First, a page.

by Kevin Klombies, Senior Analyst

Tuesday, August 28, 2007

Chart Presentation: The Commodity Pivot

The Nasdaq Composite Index rose above 2000 towards the end of November in 1998 and managed to surpass the 5000 level close to 15 months later in March of 2000. The Shanghai Composite Index, on the other hand, moved through 2000 last November and in roughly 9 months has eclipsed 5000.

We have included three charts of the CRB Index. The top chart shows 1986 through 1988, the middle chart is from 1996 through 1998, while the lower chart start at the beginning of 2006.

We are trying to make the point that in the second quarter of 1986 and the second quarter of 1996 the trend or direction for the CRB Index changed. In 1986 it bottomed and turned upwards while in 1996 it peaked and turned lower.

We mention this because this directional change for commodity prices appears to have preceded an equity markets ‘event’ by close to a year and a half. When commodity prices turned higher in 1986 it led in due course into the U.S. stock market ‘crash’ in the autumn of 1987 while the down turn for commodity prices in 1996 preceded the collapse in the Hong Kong stock market in 1997.

The idea is that a downward trend for commodity prices goes with falling interest rates while an upward trend will go with rising interest rates. What likely caused the ‘crash’ in 1987 was the combination of strong commodity prices and relentlessly rising interest rates.

One interesting feature of the 1987 and 1997 CRB Index charts is that the actual trend wasn’t that clear before the equity market ‘event’. In other words while the CRB Index had bottomed in the spring of 1986 it didn’t really surge higher until AFTER the stock market ‘crash’ and while the CRB Index peaked in 1996 real weakness didn’t show up until after the Hang Seng lost roughly 45% of its value between August and October.

Our point is that if we use the CRB Index (or the DJ AIG Commodity Index) as our measure of the trend for commodity prices (as opposed to any of the spot commodity indices) a peak was reached in the spring of 2006. This makes the current situation similar to 1997 because the trend for commodity prices is lower instead of higher and, if history is any guide, suggests that the focus of equity markets risk this autumn should be outside of the U.S. and likely concentrated in regions like Asia.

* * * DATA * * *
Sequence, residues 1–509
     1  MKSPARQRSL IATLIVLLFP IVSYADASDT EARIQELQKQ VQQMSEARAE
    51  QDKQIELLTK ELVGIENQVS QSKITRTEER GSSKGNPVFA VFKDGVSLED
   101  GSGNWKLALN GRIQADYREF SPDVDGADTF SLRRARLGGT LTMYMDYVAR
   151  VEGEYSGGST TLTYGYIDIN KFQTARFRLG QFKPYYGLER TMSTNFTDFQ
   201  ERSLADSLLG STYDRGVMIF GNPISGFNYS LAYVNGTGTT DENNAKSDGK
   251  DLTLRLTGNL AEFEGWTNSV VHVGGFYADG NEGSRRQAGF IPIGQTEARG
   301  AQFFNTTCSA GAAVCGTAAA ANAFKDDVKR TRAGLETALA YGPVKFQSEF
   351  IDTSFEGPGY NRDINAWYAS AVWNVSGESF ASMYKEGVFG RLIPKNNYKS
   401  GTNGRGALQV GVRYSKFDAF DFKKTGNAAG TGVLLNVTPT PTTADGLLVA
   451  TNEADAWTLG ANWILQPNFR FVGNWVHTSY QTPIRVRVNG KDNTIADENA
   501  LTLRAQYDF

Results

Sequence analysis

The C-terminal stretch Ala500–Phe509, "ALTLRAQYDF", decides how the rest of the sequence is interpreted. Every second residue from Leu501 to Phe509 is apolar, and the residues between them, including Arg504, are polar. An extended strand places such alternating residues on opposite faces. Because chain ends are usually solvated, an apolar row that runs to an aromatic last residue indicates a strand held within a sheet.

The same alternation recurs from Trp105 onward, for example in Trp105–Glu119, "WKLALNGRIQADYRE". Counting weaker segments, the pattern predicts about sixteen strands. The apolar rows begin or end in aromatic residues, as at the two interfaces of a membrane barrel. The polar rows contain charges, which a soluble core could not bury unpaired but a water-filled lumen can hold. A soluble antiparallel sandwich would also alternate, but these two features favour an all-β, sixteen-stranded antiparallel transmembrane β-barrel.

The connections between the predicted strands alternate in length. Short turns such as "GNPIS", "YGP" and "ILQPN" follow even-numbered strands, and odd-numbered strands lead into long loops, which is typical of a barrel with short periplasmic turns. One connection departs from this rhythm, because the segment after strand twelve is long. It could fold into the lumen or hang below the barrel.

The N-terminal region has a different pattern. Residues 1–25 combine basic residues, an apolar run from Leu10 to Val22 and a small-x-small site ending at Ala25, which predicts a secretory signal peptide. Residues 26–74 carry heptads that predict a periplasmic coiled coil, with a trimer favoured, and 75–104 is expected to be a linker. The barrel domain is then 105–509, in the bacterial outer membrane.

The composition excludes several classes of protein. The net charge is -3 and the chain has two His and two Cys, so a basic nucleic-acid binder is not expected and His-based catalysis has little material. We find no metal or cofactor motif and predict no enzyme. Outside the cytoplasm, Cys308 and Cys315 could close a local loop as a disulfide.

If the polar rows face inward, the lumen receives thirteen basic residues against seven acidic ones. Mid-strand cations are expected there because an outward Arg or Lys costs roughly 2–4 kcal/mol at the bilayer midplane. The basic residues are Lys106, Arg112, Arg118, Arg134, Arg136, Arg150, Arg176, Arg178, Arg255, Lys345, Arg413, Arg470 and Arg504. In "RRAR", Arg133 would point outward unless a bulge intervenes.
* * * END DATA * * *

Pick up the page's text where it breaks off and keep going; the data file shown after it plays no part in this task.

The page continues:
Equity/Bond Markets

We showed that the CRB Index turned lower in the second quarter of 2006 and that this was similar to the 1996 time frame that led into the Hang Seng’s decline in 1997.

We show two comparative charts of Coca Cola (KO) and Inco (N). At one time Inco was one of the Dow 30 stocks but in March of 1987 it and Owens Corning Glass were replaced by Coca Cola and Boeing. So… even though Inco no longer exists as a separate company after being bought out this year by CVRD it does share history with Coke.

Through much of 1987 the stock prices of KO and N rose in tandem as the equity markets pushed higher. After the stock market collapsed, however, the trend for the CRB Index (higher) set the trend within the equity markets with KO falling and N rising.

The opposite outcome occurred in 1997 as the break in Hong Kong followed weakness in Inco. After the equity market ‘event’ the negative trend for the CRB Index asserted itself within the equity markets leading to higher prices of KO and lower prices of nickel producer Inco.

Our thought is that if we get some sort of equity markets problem this autumn it will likely be focused outside of the U.S. and following its initial break we should get a sense of whether the CRB Index is going to continue to decline (better for Coke) or turn upwards once again (better for the miners).

Below is a comparison between Canada’s WestJet (WJA on Toronto) and China Southern Airlines (ZNH).

From 2000 through May of this year the charts were virtually identical. WJA rose just over 400% from the low in 2000 to the early 2004 peak and ZNH rose just over 400% over the same time frame. The charts were so similar that we have included an overlaid view on page 7.

From May into August this year ZNH has risen from close to 25 up to roughly 56. This is comparable to WJA closer to 40 instead of in the 17’s. Why the divergence? We suspect that it has less to do with value than it has to do with momentum and liquidity.